Monday, September 30, 2013

Fun New Punctuation Marks!

My personal favorites are the Mockwotation Marks and Morgan Freemark. How about you?

I totally stole this from the College Humor site. Click here if you want to download the College Humor FONT.

Friday, September 27, 2013

Friday Funnies #28


These are actual ads that were found in magazines, billboards, and signs. The placement of them are, shall we say, awkward.

Starbucks obviously didn't think this one out!
At this point, I'd have to disagree.....Nestle DOESN'T taste the very best!
Like I said.....awkward!
Thank you, Burger King, not only for the bargain, but also for the TEMPTATION!
Uh-oh....Daddy's got some explaining to do!
Seriously? I have to put my hand where? to open the door?
Oh. This is just bad. BAD I tell ya!
Praying for a clean litter box? Fishy treats? What?
I don't know about you, but I'm not buying any tickets for Turkish
Airlines any time soon! They're heading straight down!
This one definitely made me laugh! Here's Johnny!
Um, her ta-ta's are over-inflated!
Just No. No. This is so wrong.
Next time you are out and about, see if you can find any "unfortunate" placement ads. I got these from IMGUR albums.

The person who can bring the spirit of laughter
into a room is indeed blessed.


Wednesday, September 25, 2013

Signs - Across the Line

This post office straddles the dividing line between Texas and Arkansas. Half of the building lies in Texas and has a Texas zip code. The other half lies in Arkansas and has an Arkansas zip code! Here is the building:

and a closer look at that sign:

Now that's funny!

For more funny signs, visit Lesley HERE.

Monday, September 23, 2013

Architectural Tour Around Chicago - Part Two

We continue with the architectural tour of Chicago by boat.....

This building with the funny octagonal shape on top started out being called Mather Tower. Then in was listed as the Lincoln Tower in the Michigan-Wacker Historic Roster, and now it is just called by it's address: 75 E. Wacker Drive. Some Chicagoans refer to it as the "inverted spyglass" due to its design. The 21 octagonal stories sit atop 20 stories of the rectangular building. It is Chicago's most slender high-rise, at 100 x 65 at the base, and the very top is only 9 feet across. The building was completely restored in 2002.

This curved building in the middle is pretty cool looking. It is 333 Wacker Drive. I love the reflections from the buildings across the river. This is an office building, and was featured in the movie, "Ferris Bueller's Day Off" as where Ferris Bueller's father worked. It is 489 feet tall and has 36 floors.

This is the Sheraton Chicago Hotel and Towers that is shaped like a riverboat or paddle wheel boat. (It looks more like it at the other angle, but I wasn't fast enough with my camera!)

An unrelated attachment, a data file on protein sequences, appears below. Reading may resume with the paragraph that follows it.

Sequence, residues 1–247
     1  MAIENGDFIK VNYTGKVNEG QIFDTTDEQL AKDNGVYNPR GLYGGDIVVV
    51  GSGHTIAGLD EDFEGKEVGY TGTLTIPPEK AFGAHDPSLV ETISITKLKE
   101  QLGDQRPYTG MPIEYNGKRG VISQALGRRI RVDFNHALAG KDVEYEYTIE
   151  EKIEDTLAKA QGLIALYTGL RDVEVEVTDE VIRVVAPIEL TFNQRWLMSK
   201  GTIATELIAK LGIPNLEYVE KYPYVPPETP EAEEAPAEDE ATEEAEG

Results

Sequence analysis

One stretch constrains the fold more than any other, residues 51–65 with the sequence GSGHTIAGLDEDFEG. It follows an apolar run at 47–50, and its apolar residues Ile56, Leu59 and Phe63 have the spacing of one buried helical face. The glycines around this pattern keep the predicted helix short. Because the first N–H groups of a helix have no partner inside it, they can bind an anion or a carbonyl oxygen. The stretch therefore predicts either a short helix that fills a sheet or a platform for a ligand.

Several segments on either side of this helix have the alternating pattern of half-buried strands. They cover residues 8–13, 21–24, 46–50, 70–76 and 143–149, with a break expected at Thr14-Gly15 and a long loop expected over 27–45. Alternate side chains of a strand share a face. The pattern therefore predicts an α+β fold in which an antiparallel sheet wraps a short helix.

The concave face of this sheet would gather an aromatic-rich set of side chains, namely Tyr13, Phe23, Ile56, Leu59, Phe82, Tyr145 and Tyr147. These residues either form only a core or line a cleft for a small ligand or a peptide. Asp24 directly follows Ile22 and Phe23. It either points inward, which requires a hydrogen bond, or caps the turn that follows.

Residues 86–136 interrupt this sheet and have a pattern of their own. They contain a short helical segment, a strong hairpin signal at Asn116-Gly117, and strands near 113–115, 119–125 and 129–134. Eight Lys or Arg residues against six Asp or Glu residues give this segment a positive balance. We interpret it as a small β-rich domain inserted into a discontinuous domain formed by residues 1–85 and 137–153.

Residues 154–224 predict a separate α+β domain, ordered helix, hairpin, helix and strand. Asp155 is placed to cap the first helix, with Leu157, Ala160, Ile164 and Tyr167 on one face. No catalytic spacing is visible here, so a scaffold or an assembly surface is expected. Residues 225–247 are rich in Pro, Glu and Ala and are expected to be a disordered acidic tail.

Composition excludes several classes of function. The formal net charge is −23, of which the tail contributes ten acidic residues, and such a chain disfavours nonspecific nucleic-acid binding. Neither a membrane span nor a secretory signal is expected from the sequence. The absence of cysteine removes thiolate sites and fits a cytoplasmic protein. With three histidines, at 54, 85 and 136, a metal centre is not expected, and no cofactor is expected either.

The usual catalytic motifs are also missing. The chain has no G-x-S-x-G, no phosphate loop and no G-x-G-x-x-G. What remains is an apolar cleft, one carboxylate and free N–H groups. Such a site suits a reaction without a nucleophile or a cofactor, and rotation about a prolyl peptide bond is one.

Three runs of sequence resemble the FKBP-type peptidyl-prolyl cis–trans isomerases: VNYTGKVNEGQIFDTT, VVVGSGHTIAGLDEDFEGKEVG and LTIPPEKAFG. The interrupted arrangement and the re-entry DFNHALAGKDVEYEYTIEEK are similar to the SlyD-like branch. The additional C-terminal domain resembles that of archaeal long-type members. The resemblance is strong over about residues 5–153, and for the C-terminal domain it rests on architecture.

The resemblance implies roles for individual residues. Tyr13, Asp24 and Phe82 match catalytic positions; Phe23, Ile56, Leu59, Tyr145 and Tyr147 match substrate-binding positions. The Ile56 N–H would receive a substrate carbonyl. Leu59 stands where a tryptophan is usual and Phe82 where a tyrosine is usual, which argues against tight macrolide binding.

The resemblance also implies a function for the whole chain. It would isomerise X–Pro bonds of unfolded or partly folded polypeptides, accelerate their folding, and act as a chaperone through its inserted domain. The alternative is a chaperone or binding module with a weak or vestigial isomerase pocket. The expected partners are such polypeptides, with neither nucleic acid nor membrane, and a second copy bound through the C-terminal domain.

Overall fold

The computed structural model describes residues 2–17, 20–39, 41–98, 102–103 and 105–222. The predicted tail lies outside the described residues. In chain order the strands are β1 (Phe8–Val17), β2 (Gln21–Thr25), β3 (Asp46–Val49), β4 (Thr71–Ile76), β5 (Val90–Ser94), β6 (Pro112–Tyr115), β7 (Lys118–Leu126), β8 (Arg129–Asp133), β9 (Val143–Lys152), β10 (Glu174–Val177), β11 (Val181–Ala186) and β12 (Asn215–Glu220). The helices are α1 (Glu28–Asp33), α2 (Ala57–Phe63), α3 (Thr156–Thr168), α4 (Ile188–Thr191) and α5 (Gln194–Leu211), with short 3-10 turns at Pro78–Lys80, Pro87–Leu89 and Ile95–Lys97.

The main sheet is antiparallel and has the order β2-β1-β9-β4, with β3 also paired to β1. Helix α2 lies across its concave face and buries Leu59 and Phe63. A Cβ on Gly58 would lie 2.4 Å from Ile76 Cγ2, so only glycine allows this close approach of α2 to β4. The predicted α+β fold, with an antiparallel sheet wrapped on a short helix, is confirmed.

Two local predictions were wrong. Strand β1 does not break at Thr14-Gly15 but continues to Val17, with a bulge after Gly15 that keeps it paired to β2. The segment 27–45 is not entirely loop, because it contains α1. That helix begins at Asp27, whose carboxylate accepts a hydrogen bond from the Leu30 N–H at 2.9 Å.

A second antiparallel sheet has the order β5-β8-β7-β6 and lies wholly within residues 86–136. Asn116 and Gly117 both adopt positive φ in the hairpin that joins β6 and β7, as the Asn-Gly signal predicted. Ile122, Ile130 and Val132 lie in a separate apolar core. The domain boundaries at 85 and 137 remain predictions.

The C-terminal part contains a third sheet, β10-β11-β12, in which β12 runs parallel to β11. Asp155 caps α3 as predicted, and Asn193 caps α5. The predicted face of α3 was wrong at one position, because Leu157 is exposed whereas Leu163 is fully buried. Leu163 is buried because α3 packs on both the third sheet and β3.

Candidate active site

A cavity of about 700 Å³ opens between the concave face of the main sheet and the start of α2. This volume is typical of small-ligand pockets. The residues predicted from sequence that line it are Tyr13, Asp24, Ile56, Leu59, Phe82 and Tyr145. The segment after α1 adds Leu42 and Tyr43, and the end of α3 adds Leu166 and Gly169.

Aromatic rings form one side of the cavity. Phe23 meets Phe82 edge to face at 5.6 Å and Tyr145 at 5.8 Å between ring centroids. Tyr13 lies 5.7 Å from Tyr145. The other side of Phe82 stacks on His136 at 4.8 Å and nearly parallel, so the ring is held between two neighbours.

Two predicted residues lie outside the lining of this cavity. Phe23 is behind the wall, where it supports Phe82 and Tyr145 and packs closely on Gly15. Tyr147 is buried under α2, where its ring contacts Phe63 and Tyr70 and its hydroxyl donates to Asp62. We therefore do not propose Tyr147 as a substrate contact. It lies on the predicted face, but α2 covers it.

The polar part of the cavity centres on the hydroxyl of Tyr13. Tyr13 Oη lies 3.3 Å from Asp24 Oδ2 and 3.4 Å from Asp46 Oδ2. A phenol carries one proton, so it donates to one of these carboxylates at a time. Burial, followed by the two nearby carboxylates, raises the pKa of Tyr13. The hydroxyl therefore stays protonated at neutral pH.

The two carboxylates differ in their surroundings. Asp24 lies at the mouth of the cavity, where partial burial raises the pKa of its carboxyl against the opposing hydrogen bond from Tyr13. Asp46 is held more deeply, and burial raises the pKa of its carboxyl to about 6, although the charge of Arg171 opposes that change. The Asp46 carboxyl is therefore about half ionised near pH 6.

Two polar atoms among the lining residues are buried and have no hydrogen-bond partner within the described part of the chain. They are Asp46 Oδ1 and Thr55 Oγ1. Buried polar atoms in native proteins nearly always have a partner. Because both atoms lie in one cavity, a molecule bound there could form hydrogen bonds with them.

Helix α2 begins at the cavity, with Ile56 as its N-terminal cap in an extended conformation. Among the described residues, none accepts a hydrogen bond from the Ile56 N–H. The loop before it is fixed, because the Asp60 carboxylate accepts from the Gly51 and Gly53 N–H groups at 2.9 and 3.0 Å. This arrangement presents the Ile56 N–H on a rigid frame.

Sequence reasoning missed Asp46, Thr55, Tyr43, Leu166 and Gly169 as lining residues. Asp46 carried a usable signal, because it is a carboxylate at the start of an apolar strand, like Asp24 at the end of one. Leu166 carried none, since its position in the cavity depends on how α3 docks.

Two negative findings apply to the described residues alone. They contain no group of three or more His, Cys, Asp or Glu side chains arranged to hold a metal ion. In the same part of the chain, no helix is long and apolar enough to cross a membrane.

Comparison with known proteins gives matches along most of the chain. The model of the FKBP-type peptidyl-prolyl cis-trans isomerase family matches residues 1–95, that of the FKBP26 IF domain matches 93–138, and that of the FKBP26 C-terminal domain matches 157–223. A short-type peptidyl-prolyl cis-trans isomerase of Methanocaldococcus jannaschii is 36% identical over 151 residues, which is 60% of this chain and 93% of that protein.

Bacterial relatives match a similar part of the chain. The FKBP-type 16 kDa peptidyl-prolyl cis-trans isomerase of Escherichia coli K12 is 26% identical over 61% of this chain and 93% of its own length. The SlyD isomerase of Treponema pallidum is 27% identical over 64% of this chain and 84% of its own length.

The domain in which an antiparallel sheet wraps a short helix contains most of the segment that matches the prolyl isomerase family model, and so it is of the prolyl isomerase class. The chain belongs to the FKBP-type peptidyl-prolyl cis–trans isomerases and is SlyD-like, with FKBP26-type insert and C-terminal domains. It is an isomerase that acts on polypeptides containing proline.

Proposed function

This is the old post office building. Nothing too significant here EXCEPT

When I zoomed in, I spotted the Chicago Blackhawks' flag, which put a smile on my face. Our hockey team won the Stanley Cup this year. So that building may be old, dilapidated, and most of the windows broken, but somebody sneaked in there and hung that flag! Go Blackhawks!

This is the Civic Opera Building, or Lyric Opera House. It is built to look like a large chair/throne. The story goes that a young woman tried to make it in New York, but they turned her down, saying her voice wasn't good enough. So her rich husband built his wife her OWN stage in Chicago - the Civic Opera Building. The back of the chair faces New York - snubbing THEM. The opera house has 3,563 seats, making it the second largest opera auditorium in North America.

source: Wikipedia

We passed a group of kayakers. Don't know if they belonged to a club, if they were taking an architectural tour via a kayak, or what!

This is River City. They are condos on top of a marina, right on the Chicago River.

River City on the right looking back towards the skyline; Sear's Tower (tall black building) in background. (It is now called Willis Tower, but it will forever in my mind be called SEARS Tower!)

Speaking of ahem, Sears Tower, here is a river view of those skydeck windows

Here is another view:  If you want to see what it looks like from up there, go to my post here.

Lake Point Tower - This was the highest reinforced concrete building in the world at the time it was built in 1968. It held the record for tallest residential-only building in Chicago until 2004. Contrary to popular belief, that is NOT a revolving restaurant on top.

This building is called 311 South Wacker Driver. It is 958 ft tall and has 65 floors. There are two distinguishing features on this building. 1) The color - the building is made with concrete, Texas red granite, and glass. The windows have a bright blue tint on them. 2) the interesting "wedding cake" structure, or crown,  on the roof. "It is a 105-foot tall translucent cylinder, surrounded by four small cylinders.....This makes it one of the most visible Chicago skyscrapers at night as the crown is brightly illuminated. The five cylinders on top are lit at night by 1,852 fluorescent tubes and a lantern at the top changes colors for various holidays and special events." Wikipedia